WASHINGTON — Florida Sen. Marco Rubio — who hasn't joined a new Senate tea party caucus — told reporters Wednesday he's not even sure there's a need for one.
The Florida Republican — who became a darling of the tea party movement when he forced then-Gov. Charlie Crist out of the GOP Senate primary — said he still hasn't decided about joining any caucuses, but he plans to meet with tea party caucus members to "get their sense of what they want the caucus to be about."
Caucus founder Sen. Rand Paul, R-Ky., declined to stop to talk about Rubio's decision, telling reporters to call his office.
Rubio said he's not certain a Senate tea party caucus is a good idea.
Rubio told a group of Florida reporters Wednesday that the tea party's strength "comes from the grassroots."
"That it is not a political organization, it's not something run by politicians or people seeking higher office, but rather it is a movement of everyday citizens from all walks of life. That's the strength of the tea party: that it's not a political organization run by people out of Washington. My concern is a tea party caucus could intrude on that."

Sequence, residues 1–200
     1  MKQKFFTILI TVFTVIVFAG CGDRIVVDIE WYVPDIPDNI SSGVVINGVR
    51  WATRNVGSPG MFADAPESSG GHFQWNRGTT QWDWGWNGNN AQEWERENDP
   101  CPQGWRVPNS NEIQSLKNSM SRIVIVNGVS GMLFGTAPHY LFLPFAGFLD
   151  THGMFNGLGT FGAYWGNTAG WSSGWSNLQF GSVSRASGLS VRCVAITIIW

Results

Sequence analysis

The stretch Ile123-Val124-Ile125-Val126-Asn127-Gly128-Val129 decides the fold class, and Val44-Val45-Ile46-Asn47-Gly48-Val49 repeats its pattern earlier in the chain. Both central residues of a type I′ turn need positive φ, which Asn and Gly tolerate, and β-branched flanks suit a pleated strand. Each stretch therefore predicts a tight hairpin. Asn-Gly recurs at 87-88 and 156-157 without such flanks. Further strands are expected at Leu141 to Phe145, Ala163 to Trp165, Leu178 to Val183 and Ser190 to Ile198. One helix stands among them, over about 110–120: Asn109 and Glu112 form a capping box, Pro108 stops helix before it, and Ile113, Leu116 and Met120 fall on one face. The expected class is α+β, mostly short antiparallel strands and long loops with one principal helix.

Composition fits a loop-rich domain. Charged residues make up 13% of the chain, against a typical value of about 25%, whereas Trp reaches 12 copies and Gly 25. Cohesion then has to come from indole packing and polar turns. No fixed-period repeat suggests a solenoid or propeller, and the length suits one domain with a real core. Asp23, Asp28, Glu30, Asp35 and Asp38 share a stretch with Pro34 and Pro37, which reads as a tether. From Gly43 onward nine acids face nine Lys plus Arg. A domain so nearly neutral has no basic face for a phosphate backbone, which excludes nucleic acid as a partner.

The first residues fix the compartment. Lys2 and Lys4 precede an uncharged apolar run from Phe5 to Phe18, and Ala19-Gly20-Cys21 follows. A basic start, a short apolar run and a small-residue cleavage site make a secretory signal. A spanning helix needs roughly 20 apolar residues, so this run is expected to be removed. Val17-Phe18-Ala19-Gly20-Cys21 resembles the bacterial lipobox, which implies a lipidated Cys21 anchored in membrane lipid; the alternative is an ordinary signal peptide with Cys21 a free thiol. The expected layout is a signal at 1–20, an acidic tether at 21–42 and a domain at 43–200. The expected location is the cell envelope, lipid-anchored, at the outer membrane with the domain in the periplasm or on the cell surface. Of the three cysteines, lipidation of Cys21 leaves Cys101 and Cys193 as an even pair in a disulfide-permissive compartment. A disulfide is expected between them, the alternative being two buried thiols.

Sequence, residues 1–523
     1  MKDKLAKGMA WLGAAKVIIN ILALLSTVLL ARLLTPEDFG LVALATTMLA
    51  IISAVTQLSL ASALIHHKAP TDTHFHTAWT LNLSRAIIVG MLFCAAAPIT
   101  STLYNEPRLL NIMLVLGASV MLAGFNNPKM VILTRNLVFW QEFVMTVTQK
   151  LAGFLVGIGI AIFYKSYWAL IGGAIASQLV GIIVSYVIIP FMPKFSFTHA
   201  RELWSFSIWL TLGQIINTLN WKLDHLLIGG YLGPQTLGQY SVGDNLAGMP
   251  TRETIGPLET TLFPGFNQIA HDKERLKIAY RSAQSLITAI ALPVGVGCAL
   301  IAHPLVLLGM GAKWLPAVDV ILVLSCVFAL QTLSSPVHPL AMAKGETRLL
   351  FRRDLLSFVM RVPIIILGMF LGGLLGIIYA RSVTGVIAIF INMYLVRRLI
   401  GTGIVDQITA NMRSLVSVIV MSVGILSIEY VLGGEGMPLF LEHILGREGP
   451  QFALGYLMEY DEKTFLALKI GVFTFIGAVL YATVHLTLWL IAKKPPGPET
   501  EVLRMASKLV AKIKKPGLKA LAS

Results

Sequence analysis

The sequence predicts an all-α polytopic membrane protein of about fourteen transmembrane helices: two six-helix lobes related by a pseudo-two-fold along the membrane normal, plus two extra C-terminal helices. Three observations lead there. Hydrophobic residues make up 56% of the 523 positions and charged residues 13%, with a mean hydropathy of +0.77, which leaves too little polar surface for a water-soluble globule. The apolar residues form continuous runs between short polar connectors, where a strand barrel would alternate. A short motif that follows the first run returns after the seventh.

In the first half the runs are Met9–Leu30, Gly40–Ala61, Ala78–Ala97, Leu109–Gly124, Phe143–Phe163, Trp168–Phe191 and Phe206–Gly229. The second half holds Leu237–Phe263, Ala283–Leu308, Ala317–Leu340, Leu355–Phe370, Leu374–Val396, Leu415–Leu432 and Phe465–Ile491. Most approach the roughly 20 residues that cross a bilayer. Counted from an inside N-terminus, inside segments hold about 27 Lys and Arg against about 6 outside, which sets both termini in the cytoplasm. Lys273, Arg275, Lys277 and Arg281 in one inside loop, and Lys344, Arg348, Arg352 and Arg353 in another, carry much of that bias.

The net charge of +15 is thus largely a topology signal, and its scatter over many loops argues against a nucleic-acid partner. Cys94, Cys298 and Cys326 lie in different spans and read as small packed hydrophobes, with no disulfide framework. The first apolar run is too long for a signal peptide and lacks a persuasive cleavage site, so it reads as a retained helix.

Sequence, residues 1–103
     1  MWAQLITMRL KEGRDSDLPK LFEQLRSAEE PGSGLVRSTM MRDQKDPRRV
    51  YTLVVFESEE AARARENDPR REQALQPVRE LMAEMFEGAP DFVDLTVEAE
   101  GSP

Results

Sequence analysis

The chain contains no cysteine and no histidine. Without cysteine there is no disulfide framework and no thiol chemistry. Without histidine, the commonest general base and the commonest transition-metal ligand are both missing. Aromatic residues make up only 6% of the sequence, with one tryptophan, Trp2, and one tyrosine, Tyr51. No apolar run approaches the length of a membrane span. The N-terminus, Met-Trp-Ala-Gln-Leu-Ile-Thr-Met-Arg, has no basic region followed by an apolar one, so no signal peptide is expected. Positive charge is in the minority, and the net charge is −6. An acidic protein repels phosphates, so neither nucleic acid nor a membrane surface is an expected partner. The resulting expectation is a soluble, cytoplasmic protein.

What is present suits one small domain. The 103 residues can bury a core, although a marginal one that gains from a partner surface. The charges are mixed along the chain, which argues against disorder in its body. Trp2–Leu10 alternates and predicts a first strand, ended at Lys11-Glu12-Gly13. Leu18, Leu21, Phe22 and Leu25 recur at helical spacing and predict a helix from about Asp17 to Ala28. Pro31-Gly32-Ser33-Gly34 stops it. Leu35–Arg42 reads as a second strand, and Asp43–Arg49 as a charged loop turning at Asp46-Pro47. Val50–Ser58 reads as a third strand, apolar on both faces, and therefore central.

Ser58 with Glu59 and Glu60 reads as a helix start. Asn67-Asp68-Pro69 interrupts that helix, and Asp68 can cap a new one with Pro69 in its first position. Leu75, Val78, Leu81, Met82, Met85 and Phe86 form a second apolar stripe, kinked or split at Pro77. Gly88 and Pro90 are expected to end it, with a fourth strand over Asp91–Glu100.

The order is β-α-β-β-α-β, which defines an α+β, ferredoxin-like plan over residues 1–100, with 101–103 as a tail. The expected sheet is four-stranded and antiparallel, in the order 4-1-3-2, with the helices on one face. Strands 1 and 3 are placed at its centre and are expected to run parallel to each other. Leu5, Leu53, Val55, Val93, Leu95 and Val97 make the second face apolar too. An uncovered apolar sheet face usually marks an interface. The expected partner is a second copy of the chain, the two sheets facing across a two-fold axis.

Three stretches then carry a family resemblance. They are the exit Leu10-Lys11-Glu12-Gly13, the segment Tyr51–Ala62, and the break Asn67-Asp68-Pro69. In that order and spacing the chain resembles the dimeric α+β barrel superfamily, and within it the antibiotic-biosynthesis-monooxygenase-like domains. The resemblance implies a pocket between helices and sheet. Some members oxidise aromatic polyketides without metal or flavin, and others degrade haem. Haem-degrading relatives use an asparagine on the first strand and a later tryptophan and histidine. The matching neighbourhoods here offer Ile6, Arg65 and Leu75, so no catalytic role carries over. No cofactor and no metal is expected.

Rubio said he does plan to join the Republican Steering Committee, a conservative group that's been long established and meets to talk policy. He noted the group has staffers and has the "infrastructure in place to provide resources that those of us who believe in center-right limited government, free enterprise can rely on."
"The fundamental question I have — and there might be a good reason for it — is what's the difference between the tea party caucus and what already exists in the steering committee?" said Rubio, who first questioned the need for a separate tea party caucus during a CNN interview in July. Though he was embraced by the tea party and attended rallies, Rubio — a former Florida House speaker — sought during the campaign to portray himself as a bridge between the conservative movement and the Republican Party.
Some activists have taken note of Rubio's reluctance to join the caucus and expressed concern; others have said he'll be judged on how he votes.
Rubio cast his first vote Wednesday — on a resolution honoring Rep. Gabrielle Giffords, D-Ariz., who was severely injured in a shooting earlier this month. He also announced that he's co-sponsoring his first bill, joining 33 other Senate Republicans to endorse South Carolina GOP Sen. Jim DeMint's effort to repeal the sweeping health care law passed last year. DeMint is one of three co-founders of the Tea Party Caucus, which meets for the first time Thursday.
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